A technique is described for taking multiple exposure photographs of the first 100 msec of the jump of unrestrained and unstimulated locusts,Schistocerca gregaria (phasis gregaria) (Fig. 1).
Photographs were taken of locusts jumping under twelve different experimental conditions (Table 1). Eight features of the jump were measured (Table 2).
The direction of take-off is variable under all conditions. In intact locusts the mean take-off angle is approximately 45 ° but the mean increases significantly in all the groups of operated insects (Table 3).
The body angle at the moment of take-off is always variable but neither the mean nor the standard deviation of the performance changed significantly in different experimental groups. There is no correlation between the take-off angle and the body angle at the instant of take-off.
70 msec after take-off a correlation develops between the body angle and the direction of motion in all the experimental groups except that in which the central nervous system is severed between the brain and the thoracic ganglia (Table 4). The correlation coefficient is always higher in the experimental groups which were exposed to a headwind.
Experiments using localised jets of air show that the increased correlation between the body angle and the direction of motion is not due to the passive aerodynamic effect of the air flowing over the body. The evidence suggests that the insect obtains information about the direction of the headwind and decisions about the form of the later stages of the jump and the timing of the onset of wing movements are made before the jump begins.
The rotation of the body in the plane of pitch during the first 100 msec of the jump is caused mainly by movements of the legs which alter the balance of the body.
The delay between the metathoracic tarsi leaving the ground and the start of visible wing movements is never constant and may be negative. The mean delay in certain experimental groups was found to be significantly different from the controls. Cutting the nerve cord anterior to the thoracic ganglia and destruction of the cephalic wind sensitive organs shortens the delay, but damage to the nervous system posterior to the thoracic ganglia has no effect (Table 5).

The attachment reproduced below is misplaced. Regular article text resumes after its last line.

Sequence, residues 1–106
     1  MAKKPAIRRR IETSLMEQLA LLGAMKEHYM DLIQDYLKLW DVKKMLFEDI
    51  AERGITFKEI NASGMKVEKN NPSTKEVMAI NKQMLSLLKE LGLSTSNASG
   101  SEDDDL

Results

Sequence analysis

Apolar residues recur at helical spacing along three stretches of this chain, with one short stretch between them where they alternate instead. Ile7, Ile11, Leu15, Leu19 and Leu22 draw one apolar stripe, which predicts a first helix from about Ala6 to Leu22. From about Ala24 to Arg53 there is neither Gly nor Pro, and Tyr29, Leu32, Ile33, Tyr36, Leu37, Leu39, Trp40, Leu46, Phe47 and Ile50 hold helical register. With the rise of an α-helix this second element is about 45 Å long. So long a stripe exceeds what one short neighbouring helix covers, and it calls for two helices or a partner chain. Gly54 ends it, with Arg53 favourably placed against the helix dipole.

In both the intact and injured groups, the stimulus of an airstream caused a significant decrease in the mean latency of the flight response. There was no correlation between the degree of alignment of the body to its direction of motion and the latency of the flight response.
Cutting the nerve cord anterior to the thoracic ganglia and destruction of the cephalic wind sensitive organs also caused a significant increase in the period of the first wingbeat cycle but none of the other experimental conditions altered it (Table 6).
The timing of the beginning of visible wing movements did not correlate with any feature of the jump which was measured.
It is concluded that variation in the form of the jump is an inherent property of the system and may be due to mechanical instability as well as to variability in the neural program. The brain is involved in adapting the form of the jump so that less energy is wasted as drag before wing movements take over as the method of propulsion. It is suggested that the neural centres which control jumping and flight are mutually inhibitory and that the strength of the inhibition depends upon input from the rest of the nervous system.
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This work formed part of a thesis submitted for the degree of D. Phil, in the University of Oxford. I thank Professor J. W. S. Pringle, F. R. S., for supervision and comments upon the manuscript, and Professor T. Weis-Pogh, for helpful criticism of the manuscript.
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Pond, C.M. The initiation of flight in unrestrained locusts,Schistocerca gregaria . J. Comp. Physiol. 80, 163–178 (1972). https://doi.org/10.1007/BF00696488
- Nervous System
- Central Nervous System
- Nerve Cord
- Inherent Property
- Mechanical Instability